Your early experiments might be simple physical activities – like the one Miss Goldie showed me; giving consent to a very basic movement of some part of the body, getting out of a chair, moving around from A to B or even (and this takes patient practice) making a cup of tea. As you become more at home in this new medium, you could experiment with interacting with other people. Give consent, for example, to chatting with your neighbour about the weather.4

You must learn to get out of the teacher’s way, learn to get out of your own way, then learn to get out of ITS way.

Patrick Macdonald 5

What do you find? Do you become more the watcher than the doer?

If you wish, share your experiences in the comments section or write to me.

1. Teaching Aphorisms: The Alexander Journal No 7, 1972, published by the Society of Teachers of the Alexander Technique. Also published in Articles and Lectures by Mouritz (1995).
2. The concept of non-doing in Taoism – Wu Wei – has been understood in different ways throughout its long history. See en.wikipedia.org/wiki/Wu_wei
3. The Alexander Technique As I See It, Patrick MacDonald; Notebook Jottings. Published by Rahula Books, 1989
4. At the time of writing we are all practising social distancing so interacting with others may have to wait.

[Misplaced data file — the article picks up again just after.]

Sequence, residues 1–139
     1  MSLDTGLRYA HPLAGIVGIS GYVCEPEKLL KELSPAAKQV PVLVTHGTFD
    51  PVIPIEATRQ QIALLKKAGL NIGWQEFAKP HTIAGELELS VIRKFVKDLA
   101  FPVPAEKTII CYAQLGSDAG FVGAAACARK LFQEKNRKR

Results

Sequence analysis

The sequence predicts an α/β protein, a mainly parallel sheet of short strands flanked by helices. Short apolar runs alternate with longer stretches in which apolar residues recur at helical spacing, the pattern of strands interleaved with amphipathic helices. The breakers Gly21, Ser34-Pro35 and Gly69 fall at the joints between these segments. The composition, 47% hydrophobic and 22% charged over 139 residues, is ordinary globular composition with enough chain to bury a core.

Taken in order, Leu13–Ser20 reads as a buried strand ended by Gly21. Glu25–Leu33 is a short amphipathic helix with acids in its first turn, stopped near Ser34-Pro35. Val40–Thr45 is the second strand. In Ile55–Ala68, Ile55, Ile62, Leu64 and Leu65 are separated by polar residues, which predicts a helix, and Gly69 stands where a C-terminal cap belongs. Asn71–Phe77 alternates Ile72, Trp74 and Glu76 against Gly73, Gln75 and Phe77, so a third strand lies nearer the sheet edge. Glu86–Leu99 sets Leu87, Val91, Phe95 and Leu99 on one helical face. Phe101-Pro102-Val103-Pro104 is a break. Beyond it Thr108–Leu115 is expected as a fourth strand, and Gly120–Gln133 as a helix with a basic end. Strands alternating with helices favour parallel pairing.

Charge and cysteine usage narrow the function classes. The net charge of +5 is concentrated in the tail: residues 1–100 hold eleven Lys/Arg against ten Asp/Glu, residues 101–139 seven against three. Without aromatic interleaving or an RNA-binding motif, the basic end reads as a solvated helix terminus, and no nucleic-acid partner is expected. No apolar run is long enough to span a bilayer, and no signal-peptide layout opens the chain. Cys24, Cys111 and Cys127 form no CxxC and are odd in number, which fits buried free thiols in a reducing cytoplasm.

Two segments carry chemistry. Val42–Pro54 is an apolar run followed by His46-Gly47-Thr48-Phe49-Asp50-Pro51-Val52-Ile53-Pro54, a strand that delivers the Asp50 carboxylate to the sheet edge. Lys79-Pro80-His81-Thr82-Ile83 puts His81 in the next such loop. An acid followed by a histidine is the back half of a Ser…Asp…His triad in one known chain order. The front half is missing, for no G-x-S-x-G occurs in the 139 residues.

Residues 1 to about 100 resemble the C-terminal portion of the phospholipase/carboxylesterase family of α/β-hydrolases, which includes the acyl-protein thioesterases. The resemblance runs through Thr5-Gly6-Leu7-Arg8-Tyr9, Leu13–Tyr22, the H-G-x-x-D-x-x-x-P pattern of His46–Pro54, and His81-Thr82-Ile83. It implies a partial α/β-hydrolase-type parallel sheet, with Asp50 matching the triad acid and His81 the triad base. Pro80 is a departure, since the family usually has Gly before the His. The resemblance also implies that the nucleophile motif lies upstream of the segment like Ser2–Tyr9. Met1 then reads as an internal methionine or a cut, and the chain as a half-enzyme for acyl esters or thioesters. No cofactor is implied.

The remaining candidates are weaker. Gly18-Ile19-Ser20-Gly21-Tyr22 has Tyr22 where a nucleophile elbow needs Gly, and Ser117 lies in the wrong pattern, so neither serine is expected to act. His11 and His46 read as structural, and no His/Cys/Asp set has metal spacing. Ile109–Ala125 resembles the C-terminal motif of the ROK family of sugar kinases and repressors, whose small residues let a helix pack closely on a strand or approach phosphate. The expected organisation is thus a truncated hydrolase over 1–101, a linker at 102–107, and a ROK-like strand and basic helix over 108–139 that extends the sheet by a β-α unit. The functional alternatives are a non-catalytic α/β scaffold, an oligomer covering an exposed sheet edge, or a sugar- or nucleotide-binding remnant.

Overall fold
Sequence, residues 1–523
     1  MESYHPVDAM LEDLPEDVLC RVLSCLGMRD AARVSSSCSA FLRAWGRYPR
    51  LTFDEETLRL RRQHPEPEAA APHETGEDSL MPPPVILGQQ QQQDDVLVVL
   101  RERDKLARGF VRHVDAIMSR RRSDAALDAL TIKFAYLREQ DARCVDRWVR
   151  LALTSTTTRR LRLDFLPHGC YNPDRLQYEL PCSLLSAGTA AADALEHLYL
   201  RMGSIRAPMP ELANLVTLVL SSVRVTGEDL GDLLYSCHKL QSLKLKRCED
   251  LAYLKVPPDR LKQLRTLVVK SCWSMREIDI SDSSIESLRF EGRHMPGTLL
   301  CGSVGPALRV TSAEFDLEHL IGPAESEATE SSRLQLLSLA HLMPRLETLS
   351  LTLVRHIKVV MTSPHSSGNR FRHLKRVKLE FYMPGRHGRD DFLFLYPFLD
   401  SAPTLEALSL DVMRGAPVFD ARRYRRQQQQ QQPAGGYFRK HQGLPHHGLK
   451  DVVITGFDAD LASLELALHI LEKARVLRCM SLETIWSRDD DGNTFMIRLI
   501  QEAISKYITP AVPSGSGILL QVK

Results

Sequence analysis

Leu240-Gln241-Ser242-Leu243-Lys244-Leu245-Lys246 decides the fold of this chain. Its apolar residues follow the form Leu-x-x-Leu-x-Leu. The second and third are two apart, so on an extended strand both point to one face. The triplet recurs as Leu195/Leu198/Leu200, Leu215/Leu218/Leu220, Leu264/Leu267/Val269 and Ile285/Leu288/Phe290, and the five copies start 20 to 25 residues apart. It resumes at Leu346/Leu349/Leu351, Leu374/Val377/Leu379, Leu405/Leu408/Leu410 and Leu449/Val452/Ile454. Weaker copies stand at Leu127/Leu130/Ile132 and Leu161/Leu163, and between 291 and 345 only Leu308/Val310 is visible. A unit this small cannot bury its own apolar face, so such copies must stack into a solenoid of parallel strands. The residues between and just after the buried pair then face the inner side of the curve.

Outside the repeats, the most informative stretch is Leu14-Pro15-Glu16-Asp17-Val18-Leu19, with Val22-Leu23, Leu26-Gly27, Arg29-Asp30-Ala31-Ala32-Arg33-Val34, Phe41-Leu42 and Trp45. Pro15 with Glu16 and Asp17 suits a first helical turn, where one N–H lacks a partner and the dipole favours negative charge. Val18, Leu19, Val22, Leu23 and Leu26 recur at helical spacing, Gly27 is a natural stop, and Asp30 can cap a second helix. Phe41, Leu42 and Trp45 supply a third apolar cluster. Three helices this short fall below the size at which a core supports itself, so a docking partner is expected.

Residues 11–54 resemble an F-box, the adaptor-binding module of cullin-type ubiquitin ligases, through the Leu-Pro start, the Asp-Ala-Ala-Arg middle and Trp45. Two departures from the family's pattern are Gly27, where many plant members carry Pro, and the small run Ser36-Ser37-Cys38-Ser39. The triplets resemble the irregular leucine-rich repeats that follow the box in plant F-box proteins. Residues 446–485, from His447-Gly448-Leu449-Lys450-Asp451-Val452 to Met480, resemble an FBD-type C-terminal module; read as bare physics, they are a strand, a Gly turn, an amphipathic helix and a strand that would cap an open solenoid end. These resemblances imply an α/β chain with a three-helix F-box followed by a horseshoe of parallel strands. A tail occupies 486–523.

5. The Alexander Technique As I See It, Patrick MacDonald; Notebook Jottings. Published by Rahula Books, 1989

© John Hunter 2020

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3 responses to “The Giving and Withholding of Consent: the Secret of “Letting Do””

  1. 00rjb says :

    I liked the experience of sitting there with my arm hanging at my side and giving directions, or consent with intention, but how initiate the movement? How long did it take? Could you repeat it on your own?
    I give the instruction to energize the hands and imagine helium balloons under the palms..and that works pretty good.

    • UpwardThought says :

      Hello RJB, thanks for posting your experiences here. It is very difficult to initiate the actual movement of a limb without using what is familiar or expected – hence my inclusion of one of Alexander’s aphorisms.